Treasury Dept. refuses to comply with Democrats' subpoenas for Trump tax returns, court fight likely

“The result will be that we will likely proceed to court as quickly as next week,” said House Ways and Means Committee Chairman Richard Neal, D-Mass.
Image: Steve Mnuchin
Treasury Secretary Steve Mnuchin had told lawmakers Wednesday that a request for the president's tax returns was likely headed to the courts. Anna Moneymaker / Getty Images

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By Rebecca Shabad and Alexandra Bacallao

WASHINGTON — The Treasury Department said Friday that it would not comply with congressional subpoenas to provide six years of President Donald Trump’s tax returns.

Treasury Secretary Steve Mnuchin sent a letter to House Ways and Means Committee Chairman Richard Neal, D-Mass, before the 5 p.m. ET deadline to hand over the documents. Mnuchin said that, on advice of the Justice Department, Treasury had determined that the committee's request "lacks a legitimate legislative purpose," and so the department is not "authorized to disclose the requested returns."

"For the same reasons, we are unable to provide the requested information in response to the Committee’s subpoena," Mnuchin said.

Neal responded Friday saying that the law provides "clear statutory authority" for him to request and received access to tax returns and return information.

"The law, by its terms, does not allow for discretion as to whether to comply with a request for tax returns and return information," he wrote. "Given the Treasury Secretary’s failure to comply today, I am consulting with counsel on how best to enforce the subpoenas moving forward."

Earlier in the day, Neal told reporters that he anticipated that the Treasury Department would not meet the deadline he had set.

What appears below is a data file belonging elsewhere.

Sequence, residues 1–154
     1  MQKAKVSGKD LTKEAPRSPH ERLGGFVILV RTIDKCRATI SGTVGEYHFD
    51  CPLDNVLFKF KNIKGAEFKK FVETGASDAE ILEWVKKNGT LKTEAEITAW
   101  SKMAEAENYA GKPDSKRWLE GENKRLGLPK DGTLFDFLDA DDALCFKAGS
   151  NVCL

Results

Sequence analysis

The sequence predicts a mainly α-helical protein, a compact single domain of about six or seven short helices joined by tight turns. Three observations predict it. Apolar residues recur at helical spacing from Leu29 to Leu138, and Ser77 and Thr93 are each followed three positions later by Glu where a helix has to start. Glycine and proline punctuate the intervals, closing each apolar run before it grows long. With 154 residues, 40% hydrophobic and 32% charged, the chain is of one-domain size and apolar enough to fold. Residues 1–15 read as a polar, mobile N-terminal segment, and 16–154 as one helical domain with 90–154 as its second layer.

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“The result will be that we will likely proceed to court as quickly as next week,” Neal said.

Asked if Neal is considering holding Mnuchin in contempt, the chairman said: “I don't see that right now as an option. I think the better option for us is to proceed with a court case.”

Neal issued subpoenas to Mnuchin and IRS Commissioner Charles Rettig last Friday after the Treasury Department rejected Neal’s formal request from April for the records. Neal gave them one week to produce the documents.

Mnuchin hinted at the decision in testimony before the Senate on Wednesday. "First of all, we haven’t made a decision, but I think you can guess which way we’re leaning on our subpoena,” he said then.

The Treasury secretary also suggested that the battle over the tax returns would have to be resolved by the courts.

If there is litigation over the documents, he said on Wednesday, “I take great comfort that there’s a third branch of government to deal with this important issue ... "

“This is why there are three branches of government, and if there is a difference of opinion, this will go to the third branch of government to be resolved,” he said, referring to the judicial branch.

Under Section 6103 of the U.S. tax code, if Neal or Senate Finance Committee chair Sen. Charles Grassley, R-Iowa, or the head of the Joint Committee on Taxation formally requests an individual's tax returns, Treasury officials “shall” turn the documents over, language that leading tax analysts have said means officials must provide them.

As the committee's chairman, Neal has the power to send a written request to the IRS to provide the information. With the Treasury Department's denial of that request — and now the subpoenas that followed — House Democrats will have to decide whether to pursue the tax returns through a legal route.

If they are obtained, Neal would then have to designate the panel’s members as “agents” to read the returns. They would then have to vote to make the documents public and report them to the full House.